Because the battery packs are leased rather than sold, Renault is in a unique position. As battery technology improves, so too can the battery packs Renault puts in customers cars, improving range, reducing weight and ultimately giving the customer a better car than they originally had.
Replacing a car’s battery pack with a newer, improved one isn’t just a drop-in replacement, though. As Foucher told What Car?, other parts of the car would need to be upgraded to make use of the improved battery. The control system would need to be updated to know that there was more capacity in the battery. It is also possible some of the electric systems would need to be changed too. But an upgrade is totally possible!
Which makes owning a Renault ZE quick exciting, if you ask me.
A couple of weeks ago we told you about the UK charging company ChargeMaster and their POLAR network and how they planned to start charging for charging come 1 April. At the time they had released no information on how much they would be charging or what their different tariffs would be.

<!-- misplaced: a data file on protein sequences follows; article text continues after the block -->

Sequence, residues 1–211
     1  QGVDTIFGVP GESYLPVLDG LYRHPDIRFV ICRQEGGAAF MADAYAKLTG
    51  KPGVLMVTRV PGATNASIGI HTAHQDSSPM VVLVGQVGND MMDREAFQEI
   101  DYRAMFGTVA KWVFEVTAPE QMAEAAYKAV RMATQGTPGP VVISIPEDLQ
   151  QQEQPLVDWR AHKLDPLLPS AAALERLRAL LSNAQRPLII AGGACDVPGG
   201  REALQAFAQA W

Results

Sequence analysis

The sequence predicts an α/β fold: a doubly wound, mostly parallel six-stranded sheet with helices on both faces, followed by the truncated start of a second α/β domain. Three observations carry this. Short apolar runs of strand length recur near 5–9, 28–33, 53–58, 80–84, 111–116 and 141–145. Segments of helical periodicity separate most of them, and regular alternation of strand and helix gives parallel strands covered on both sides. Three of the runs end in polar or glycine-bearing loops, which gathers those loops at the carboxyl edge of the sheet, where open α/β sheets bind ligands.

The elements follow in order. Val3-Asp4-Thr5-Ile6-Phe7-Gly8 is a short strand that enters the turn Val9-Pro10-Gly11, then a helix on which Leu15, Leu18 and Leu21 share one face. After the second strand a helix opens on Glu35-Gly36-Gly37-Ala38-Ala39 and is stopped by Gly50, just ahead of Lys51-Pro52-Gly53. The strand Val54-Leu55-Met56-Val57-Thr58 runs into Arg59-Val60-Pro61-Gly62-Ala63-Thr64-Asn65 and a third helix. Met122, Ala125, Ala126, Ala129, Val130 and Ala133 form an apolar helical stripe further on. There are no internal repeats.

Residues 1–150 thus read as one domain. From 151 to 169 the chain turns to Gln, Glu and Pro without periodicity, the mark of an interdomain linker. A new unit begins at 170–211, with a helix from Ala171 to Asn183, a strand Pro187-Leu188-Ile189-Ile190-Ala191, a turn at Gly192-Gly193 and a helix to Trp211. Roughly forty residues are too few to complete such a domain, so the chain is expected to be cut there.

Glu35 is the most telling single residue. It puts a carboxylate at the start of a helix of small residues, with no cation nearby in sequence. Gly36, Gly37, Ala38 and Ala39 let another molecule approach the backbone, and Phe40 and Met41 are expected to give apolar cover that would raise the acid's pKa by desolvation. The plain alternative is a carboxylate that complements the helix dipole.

This week this changed when they announced three different tariffs to serve anyone from the occasional user to someone who relies on their network for all their electricity. However they have very quickly come under fire from EV drives who say that all of their tariffs are far too expensive.
In some situations EV drivers could face paying the same kind of prices as those who drive internal combustion engined cars, and that is with UK petrol prices being around six pound per gallon. The whole costs are too complicated to go into here as along with different prices for slow, fast and rapid charging one tariff charges a standing fee monthly, one annually and one just requires online registration.
It is worth keeping in mind that on the Washington portion of the West Coast Electric Highway drivers are set to pay nineteen dollars ninety nine per month for unlimited use or seven dollars fifty per quick charge.
In related news Hertz on Demand vehicle rental – who have been operating a LEAF rental scheme in Milton Keynes – has said that it may end its trial early due to these costs being introduced by Chargemaster.
The introduction of these fees, they say, make their trial financially unviable. The trial was initially meant to run until July this year, but it looks like it may come to an end at the end of this month.